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Fingerprint biometrics-enabled gun holsters ready for shipping

Fingerprint biometrics-enabled gun holsters ready for shipping

Vara Safety’s Reach biometric gun holsters are ready for shipping, with thousands expected to be sent out according to company claims, writes WAMC Northeast Public Radio.

The holsters are designed with an easily accessible fingerprint sensor for biometric authentication that secures the handgun. For the last few years, the New York startup has been working on the product to integrate gun safety technology “that allows people to have both personal protection and effective gun safety, mainly because currently those two values are mutually exclusive,” says Vara founder and CEO Timmy Oh.

As previously reported, the Reach was manufactured after the company’s CEO spoke with over 1,500 gun owners about firearm safety. The pilot products have all been tested for battery life and actuation data.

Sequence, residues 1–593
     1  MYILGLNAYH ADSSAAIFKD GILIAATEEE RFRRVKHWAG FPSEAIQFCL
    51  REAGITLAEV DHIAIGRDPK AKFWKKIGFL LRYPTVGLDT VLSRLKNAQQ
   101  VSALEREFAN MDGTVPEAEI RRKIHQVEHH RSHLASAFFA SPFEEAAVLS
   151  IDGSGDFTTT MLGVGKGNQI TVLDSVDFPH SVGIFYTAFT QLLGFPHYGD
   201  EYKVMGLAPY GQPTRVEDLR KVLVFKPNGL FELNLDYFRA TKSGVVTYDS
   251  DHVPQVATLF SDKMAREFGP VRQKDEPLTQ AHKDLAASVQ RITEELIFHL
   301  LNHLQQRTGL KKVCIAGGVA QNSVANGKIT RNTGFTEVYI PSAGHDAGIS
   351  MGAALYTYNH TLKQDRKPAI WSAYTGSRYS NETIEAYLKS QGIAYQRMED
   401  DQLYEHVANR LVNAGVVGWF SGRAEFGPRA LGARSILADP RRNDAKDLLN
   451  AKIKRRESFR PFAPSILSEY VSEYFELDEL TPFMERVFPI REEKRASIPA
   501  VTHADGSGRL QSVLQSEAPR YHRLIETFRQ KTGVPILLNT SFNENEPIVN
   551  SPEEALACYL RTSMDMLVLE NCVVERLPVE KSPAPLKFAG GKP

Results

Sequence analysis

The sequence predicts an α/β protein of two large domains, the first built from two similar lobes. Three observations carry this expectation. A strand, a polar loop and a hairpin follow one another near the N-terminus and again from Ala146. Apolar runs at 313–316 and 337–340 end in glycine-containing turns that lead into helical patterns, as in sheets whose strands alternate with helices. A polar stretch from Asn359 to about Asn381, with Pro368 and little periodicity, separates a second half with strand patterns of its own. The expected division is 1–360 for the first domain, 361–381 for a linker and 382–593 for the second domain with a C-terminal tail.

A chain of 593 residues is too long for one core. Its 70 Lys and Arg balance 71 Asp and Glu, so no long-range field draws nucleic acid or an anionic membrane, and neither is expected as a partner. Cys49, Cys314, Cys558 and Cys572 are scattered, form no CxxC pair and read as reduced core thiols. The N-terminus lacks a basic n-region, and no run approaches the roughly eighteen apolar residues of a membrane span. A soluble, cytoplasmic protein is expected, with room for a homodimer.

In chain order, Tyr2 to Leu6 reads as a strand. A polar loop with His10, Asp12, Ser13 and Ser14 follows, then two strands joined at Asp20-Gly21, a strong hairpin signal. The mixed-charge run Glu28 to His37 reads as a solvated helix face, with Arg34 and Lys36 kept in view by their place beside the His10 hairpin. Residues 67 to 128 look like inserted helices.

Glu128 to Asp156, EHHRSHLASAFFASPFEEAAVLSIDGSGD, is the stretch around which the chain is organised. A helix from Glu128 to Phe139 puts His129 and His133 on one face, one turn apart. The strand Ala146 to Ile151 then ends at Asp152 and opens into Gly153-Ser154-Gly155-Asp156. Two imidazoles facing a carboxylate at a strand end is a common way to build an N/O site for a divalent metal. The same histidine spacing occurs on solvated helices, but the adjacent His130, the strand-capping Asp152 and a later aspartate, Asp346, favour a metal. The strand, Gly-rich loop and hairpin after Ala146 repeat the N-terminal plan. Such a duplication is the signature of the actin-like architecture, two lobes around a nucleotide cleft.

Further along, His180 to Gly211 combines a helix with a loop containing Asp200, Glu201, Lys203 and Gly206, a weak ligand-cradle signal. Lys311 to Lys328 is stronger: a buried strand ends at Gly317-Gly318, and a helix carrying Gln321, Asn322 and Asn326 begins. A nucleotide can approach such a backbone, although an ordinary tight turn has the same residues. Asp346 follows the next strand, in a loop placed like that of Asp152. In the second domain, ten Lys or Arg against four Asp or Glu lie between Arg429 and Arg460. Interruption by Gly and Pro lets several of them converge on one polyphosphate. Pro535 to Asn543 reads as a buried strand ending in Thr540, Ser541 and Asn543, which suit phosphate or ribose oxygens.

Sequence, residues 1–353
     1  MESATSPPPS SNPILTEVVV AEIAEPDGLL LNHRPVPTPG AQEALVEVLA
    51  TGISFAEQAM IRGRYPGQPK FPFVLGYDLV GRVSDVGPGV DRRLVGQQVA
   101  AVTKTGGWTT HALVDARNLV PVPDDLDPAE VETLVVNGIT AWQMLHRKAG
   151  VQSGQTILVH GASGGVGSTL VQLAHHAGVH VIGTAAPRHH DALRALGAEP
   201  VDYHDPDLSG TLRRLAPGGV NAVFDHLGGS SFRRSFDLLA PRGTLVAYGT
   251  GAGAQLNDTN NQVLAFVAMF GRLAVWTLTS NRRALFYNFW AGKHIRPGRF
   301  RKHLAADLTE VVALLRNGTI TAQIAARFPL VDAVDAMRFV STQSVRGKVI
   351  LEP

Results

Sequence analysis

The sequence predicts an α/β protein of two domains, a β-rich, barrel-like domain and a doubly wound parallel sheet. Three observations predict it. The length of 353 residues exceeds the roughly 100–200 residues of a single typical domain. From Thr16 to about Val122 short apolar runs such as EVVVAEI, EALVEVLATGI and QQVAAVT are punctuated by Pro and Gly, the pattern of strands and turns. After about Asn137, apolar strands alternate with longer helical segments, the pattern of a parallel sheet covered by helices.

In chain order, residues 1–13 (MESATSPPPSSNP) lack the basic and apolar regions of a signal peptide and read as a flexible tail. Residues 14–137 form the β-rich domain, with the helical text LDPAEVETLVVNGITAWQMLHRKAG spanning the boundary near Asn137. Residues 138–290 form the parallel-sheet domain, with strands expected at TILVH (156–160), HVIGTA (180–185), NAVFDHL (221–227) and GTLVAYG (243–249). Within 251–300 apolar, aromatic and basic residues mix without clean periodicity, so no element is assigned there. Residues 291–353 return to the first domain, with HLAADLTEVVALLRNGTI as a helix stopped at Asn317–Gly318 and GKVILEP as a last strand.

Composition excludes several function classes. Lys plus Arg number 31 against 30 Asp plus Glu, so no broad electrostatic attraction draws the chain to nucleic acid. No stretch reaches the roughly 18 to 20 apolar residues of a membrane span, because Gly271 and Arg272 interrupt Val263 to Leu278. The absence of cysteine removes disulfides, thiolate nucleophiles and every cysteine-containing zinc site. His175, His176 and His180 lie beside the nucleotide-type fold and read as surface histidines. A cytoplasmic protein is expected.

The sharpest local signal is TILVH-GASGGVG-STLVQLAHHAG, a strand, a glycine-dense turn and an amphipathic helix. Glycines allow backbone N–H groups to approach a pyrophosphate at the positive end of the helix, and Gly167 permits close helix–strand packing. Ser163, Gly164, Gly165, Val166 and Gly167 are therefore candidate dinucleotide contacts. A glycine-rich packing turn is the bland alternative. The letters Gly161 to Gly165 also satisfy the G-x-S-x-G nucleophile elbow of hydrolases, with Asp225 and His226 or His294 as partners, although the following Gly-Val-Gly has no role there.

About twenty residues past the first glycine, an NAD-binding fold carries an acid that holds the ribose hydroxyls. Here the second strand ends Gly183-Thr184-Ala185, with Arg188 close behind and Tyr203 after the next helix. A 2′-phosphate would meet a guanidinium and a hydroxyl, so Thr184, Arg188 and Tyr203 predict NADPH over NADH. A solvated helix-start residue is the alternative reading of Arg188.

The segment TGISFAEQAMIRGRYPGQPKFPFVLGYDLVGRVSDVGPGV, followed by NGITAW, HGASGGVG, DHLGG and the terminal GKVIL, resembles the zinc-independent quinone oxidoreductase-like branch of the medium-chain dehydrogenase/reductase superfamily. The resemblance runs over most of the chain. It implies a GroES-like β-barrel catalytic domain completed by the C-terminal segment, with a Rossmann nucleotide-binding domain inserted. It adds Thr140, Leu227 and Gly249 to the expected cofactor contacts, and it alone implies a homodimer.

“We have optimization features for Reach’s biometric scanner that are better than that of the sensors found in smartphones,” Oh explained at the time. “In fact, our sensor can accommodate a degree of moisture and still function properly, as tested by other leading safe companies using the same sensor.”

According to The Verge, former U.S. Vice President Joe Biden delivered a speech about “smart gun” policy with biometric measures during the Democratic debates in June. Biden has been lobbying for a biometric authentication system that would prevent anyone other than the gun’s owner from using it.

“We should have smart guns,” Biden said. “No gun should be able to be sold unless your biometric measure could pull that trigger. It’s within our right to do that. We can do that. Our enemy is the gun manufacturers, not the NRA. The gun manufacturers.”

Gun-control groups have also supported this type of measures in the past throughout the Obama administration. According to an executive action signed by President Obama in 2016, the U.S. Defense, Justice, and Homeland Security Departments were “to conduct or sponsor research into gun safety technology.”

Fingerprint biometrics are often used for access control, and have already been added to weapons locking systems.

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